Squats also make you stronger in all movements. Squats make your whole body work, not just your legs. Your back, particularly the lower back, your abs, your hips, everything will get stronger with squats. Why? Because keeping yourself from falling over while a barbell that weights more than you stays on top of your spine makes all your muscles work. They have to stabilize all that weight. Your nervous system has to make sure that you do not end up with your face on the floor with a heavy barbell on top while sending frantic “PUSH! PUSH!” signals to your legs. And, of course, the legs themselves work like crazy.
The Difference Between Squats
Speaking of how much your legs work. The powerlifting squat differs from the bodybuilding squat is that the movement is not optimized to isolate your quads and make them grow. No, the goal of the powerlifting squat is to take as much weight as possible and, well, squat it to parallel and back up. It does not matter how good of the workout your legs receive; what matters is how much weight you can lift. Do not expect the powerlifting squat to make your legs as defined as a bodybuilding squat will.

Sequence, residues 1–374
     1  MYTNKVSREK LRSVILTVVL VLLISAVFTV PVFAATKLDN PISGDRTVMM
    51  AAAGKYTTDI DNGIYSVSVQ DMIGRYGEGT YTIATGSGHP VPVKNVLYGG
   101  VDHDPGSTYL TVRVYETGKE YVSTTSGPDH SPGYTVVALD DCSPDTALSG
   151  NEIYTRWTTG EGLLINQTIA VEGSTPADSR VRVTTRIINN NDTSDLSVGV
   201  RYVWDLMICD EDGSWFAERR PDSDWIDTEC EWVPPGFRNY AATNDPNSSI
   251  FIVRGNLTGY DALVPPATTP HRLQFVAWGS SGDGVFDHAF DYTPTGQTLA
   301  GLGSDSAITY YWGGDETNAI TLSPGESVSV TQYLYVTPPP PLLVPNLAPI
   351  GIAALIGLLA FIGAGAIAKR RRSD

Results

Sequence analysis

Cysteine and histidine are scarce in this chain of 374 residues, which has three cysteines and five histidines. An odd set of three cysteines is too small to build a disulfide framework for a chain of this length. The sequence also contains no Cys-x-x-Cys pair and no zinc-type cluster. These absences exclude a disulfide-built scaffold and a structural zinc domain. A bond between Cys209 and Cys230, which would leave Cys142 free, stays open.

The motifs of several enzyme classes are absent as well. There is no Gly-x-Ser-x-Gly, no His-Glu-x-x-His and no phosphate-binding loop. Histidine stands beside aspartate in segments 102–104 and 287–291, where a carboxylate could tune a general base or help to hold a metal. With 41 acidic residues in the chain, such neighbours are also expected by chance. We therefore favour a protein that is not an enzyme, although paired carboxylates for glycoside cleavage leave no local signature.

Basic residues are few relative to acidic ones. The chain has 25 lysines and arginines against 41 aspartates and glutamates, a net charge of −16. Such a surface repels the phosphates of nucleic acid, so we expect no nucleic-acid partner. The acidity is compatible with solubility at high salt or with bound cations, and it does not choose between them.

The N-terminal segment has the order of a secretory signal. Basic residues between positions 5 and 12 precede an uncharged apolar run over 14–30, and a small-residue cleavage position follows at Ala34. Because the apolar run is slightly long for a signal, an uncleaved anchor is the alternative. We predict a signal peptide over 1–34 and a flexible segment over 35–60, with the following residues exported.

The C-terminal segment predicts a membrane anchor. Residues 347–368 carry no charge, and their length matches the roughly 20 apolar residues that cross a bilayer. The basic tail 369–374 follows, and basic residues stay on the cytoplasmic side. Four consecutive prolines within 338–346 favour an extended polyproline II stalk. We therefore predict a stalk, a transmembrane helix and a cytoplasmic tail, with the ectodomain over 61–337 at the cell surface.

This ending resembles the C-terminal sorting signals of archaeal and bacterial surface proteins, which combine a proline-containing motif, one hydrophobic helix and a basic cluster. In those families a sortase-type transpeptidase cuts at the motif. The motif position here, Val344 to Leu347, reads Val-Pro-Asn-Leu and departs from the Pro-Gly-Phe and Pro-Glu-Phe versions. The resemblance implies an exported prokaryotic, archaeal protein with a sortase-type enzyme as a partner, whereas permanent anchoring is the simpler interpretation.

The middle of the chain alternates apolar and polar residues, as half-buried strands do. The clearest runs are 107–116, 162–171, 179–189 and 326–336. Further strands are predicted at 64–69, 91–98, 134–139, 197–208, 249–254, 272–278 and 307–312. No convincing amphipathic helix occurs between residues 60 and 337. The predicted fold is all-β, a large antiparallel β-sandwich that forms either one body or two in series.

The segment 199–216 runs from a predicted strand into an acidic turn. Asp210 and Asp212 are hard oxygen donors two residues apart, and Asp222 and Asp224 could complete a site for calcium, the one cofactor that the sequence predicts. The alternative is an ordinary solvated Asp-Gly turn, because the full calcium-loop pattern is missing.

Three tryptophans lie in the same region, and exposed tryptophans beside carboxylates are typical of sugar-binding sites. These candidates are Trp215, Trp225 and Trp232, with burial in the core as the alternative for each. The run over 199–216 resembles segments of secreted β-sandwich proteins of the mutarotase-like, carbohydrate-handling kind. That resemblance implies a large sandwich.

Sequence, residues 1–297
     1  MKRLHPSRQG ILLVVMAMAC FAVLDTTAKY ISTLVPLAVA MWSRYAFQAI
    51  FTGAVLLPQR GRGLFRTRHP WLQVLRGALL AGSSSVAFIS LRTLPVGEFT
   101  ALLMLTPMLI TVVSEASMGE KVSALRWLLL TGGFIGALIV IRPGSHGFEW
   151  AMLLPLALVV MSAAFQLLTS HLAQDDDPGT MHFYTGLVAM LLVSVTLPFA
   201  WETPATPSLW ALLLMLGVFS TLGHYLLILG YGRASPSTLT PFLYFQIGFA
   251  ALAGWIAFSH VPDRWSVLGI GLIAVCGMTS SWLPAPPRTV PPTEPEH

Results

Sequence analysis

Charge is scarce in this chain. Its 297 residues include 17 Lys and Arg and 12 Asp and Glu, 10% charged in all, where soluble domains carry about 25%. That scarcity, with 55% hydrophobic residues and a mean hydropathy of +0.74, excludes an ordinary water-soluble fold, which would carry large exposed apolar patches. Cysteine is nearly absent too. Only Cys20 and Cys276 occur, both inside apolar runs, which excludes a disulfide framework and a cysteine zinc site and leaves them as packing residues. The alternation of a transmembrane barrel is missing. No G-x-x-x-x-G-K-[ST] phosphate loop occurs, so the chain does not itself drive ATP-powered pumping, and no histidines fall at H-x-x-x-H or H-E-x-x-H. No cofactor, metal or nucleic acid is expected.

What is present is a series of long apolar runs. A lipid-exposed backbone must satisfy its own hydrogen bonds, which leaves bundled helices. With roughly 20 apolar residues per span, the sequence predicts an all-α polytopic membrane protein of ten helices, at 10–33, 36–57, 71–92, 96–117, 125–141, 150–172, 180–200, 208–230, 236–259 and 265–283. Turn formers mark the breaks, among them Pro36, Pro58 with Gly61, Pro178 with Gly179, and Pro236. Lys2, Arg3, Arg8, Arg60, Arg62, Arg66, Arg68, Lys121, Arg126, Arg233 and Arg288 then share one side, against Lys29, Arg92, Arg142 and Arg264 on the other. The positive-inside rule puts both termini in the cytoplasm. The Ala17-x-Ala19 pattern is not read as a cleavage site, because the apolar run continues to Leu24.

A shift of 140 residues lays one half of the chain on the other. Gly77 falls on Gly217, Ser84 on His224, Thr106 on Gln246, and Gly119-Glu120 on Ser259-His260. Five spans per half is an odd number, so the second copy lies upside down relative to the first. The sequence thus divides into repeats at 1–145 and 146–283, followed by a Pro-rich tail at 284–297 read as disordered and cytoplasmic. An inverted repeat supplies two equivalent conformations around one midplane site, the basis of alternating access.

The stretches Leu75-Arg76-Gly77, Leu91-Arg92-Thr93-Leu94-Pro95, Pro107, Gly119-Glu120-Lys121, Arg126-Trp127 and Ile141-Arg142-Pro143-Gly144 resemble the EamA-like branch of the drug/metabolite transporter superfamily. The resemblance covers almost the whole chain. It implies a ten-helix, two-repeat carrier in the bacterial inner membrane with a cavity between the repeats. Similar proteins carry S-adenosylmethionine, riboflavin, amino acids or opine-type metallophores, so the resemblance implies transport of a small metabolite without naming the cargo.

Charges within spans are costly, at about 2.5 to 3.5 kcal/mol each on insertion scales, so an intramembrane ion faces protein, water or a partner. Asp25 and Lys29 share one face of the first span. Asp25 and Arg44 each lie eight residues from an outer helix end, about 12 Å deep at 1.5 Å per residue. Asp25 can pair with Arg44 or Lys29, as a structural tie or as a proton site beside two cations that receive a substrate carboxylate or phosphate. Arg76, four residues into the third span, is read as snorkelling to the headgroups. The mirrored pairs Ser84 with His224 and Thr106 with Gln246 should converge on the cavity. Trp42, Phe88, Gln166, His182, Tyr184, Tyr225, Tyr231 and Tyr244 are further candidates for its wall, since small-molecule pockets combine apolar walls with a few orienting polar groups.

The powerlifting squat is also known as the low-bar squat. It is called that way since the bar rests not on the top of your spine, but a bit lower. This results in a shorter lever (lever in this case being the distance between the barbell and your hip area), and lets your legs move a bigger weight. The added weight means more work for your core muscles, which are used in all everyday life movements, and most sport-specific movements, instead of using specifically your quads, as a bodybuilding squat does. The powerlifting squat works your back, abs, and hips more. If that is what you want, read on to learn how to perform the powerlifting squat correctly.
How to perform the low-bar squat